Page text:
The House Vote is the Easy Part
On Thursday ahead of a vote in the House of Representatives to pass their version of tax reform the stock market was rallying.
ProShares Ultra S&P500 (ETF) (NYSEARCA:SSO) was up by 1.47%
ProShares Ultra Dow30 (ETF) (NYSEARCA:DDM) was up by 1.5%
ProShares Ultra QQQ (ETF) (NYSEARCA:QLD) was up by 2.25%
ProShares Ultra Russell2000 (ETF) (NYSEARCA:UWM) was up by 2.84%
The bounce back that is happening after recent market weakness has put many investors right back on the bandwagon, expecting the market to move higher without any problems, just like they were prior to these undulations. The problem is, this is not over.
First of all, the House of Representatives is very likely going to pass their version of tax reform but that version looks nothing like the version that is going through the Senate and as much as the version in the House of Representatives looks like something that could be signed into law, the Senate's version is far from that.
Because both the House of Representatives and the Senate are producing their own versions of tax reform they will not need to vote directly on the other chambers' proposals but instead they will need to accept compromise is provided to them within the conference report.
Assuming that both the House of Representatives and the Senate vote yes and pass a version of tax reform in their respective chambers a conference committee will be appointed comprising the leaders of the tax proposals in each chamber. Those leaders from both the House of Representatives and the Senate who worked to formulate their respective bills will attempt to reach a compromise. That compromise will be presented to each chamber for a vote in the form of a conference report and that will need to pass for the bill to move ahead.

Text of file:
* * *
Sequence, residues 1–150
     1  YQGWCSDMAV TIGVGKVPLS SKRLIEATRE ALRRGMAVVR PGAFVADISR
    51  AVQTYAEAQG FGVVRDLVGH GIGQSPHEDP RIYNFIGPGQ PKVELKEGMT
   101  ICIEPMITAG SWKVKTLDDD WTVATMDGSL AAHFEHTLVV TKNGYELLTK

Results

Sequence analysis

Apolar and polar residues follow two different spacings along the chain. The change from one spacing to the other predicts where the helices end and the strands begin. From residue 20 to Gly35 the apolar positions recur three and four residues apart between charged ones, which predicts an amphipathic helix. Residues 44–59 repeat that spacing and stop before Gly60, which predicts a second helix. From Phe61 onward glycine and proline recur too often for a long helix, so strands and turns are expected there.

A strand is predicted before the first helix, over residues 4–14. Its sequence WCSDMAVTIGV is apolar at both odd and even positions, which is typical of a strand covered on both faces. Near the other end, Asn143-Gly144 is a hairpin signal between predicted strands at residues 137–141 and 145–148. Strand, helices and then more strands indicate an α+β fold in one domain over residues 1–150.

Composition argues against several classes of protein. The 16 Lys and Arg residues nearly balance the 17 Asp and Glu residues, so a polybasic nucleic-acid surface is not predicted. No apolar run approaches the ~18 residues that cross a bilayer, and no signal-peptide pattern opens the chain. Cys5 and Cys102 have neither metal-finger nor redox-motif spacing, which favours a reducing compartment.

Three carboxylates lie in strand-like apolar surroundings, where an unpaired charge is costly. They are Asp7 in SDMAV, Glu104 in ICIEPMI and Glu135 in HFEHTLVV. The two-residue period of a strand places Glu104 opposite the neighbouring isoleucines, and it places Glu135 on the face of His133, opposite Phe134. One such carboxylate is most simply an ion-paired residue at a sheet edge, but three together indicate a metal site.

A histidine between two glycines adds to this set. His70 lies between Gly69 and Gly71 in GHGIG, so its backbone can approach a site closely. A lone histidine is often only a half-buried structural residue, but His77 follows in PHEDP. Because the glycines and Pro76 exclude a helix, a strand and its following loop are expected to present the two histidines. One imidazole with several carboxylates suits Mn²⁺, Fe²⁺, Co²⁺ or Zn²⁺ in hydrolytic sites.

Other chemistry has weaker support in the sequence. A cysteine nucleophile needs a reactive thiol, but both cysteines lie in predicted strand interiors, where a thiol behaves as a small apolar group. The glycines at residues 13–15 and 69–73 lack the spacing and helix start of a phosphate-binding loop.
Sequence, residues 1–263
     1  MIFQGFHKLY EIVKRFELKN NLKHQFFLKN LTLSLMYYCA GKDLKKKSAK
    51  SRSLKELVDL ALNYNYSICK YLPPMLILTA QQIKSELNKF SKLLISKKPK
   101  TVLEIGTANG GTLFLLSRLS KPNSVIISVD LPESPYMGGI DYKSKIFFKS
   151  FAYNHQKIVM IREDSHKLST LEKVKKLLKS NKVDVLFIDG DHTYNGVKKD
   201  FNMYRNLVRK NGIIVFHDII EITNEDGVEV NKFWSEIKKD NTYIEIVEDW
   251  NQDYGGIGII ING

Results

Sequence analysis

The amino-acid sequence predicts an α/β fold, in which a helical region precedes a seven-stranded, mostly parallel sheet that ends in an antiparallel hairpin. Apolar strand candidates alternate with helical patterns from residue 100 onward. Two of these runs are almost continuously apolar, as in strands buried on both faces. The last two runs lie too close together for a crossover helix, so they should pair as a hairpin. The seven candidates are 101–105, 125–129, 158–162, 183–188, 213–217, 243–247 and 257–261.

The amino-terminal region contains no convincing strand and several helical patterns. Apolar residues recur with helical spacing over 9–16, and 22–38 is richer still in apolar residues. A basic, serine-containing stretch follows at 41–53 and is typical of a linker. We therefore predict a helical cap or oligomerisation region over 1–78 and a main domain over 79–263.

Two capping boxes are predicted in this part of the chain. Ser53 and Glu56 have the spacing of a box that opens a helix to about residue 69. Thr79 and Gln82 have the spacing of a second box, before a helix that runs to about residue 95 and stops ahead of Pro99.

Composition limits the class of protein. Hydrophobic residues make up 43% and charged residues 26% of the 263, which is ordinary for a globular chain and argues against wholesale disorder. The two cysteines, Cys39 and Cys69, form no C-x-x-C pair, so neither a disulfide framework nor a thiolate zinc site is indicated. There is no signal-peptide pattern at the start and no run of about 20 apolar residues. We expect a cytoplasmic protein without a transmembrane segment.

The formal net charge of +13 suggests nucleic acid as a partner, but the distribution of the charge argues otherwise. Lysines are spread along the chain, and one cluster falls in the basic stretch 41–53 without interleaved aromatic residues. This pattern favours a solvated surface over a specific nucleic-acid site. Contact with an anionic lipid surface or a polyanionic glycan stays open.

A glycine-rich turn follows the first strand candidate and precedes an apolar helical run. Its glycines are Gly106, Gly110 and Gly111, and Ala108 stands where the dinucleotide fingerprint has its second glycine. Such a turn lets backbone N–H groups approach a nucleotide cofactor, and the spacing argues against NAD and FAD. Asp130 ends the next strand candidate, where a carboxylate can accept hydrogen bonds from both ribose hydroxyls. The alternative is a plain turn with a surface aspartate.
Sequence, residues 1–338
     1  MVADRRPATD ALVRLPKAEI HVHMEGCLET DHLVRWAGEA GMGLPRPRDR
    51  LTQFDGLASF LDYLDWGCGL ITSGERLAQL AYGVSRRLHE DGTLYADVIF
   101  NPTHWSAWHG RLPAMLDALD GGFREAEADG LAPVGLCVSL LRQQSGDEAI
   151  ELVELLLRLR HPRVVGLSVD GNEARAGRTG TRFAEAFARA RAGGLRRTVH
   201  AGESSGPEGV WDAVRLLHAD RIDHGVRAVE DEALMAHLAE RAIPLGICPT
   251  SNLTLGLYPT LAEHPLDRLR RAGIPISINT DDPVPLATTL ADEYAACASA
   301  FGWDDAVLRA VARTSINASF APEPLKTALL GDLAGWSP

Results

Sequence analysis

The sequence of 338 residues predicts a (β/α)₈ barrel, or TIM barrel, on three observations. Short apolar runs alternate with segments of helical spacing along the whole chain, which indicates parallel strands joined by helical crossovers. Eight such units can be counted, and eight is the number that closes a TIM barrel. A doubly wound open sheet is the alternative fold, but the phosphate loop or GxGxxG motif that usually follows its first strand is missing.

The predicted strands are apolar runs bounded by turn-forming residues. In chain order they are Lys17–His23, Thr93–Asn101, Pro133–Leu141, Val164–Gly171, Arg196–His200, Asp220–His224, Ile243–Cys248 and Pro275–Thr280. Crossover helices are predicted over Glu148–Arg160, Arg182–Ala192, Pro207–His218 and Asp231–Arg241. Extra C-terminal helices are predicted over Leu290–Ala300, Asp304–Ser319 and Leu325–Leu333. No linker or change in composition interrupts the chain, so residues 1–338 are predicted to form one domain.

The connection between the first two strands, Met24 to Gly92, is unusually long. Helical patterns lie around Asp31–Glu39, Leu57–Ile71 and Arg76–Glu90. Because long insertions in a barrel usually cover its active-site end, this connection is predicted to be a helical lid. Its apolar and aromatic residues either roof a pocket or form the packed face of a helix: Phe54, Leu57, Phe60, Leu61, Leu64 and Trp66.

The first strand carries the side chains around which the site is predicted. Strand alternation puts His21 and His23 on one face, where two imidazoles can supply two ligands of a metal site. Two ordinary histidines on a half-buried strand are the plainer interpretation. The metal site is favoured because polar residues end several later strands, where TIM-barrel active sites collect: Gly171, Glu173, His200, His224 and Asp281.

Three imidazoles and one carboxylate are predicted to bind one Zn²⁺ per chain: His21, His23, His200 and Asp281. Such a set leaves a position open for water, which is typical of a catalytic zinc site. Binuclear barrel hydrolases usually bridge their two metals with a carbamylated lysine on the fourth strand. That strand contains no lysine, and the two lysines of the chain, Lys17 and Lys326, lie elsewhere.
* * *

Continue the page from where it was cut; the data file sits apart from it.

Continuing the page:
In basic terms, this conference committee has the job of finding a middle ground that will be acceptable by both chambers of Congress. This is where it gets sticky.
However, we may be jumping the gun in this observation. Although the House of Representatives is likely to pass their version of tax reform today, the Senate is not likely to vote until after thanksgiving and their work is much more difficult. As it stands, they may not have the votes to begin with, and if they can't pass a version of their own they will need to vote on the version proposed by the House of Representatives.
Assuming that the Senate does manage to get the votes to pass a bill and move the process along, the conference committee will be faced with a daunting task.
The massive differentials between the bills likely to come from the two chambers of Congress makes it highly unlikely that it will be a smooth process. The markets were rejoicing an anticipated political win in the House of Representatives on Thursday, but this is extremely premature.
The tax debates are just getting started and the hard part lies immediately ahead. The House of Representatives is the easy part, from here the gloves come off and investors should expect the markets to pull back significantly from time to time as this process continues.
Currently, if everything goes smoothly, Congress hopes to have a bill in the hands of the President by Christmas. That means there is a month of rhetoric, debate, and tax related volatility to look forward to in the stock market.
After that, what should you expect? I have offered a detailed timeline that looks ahead to 2018.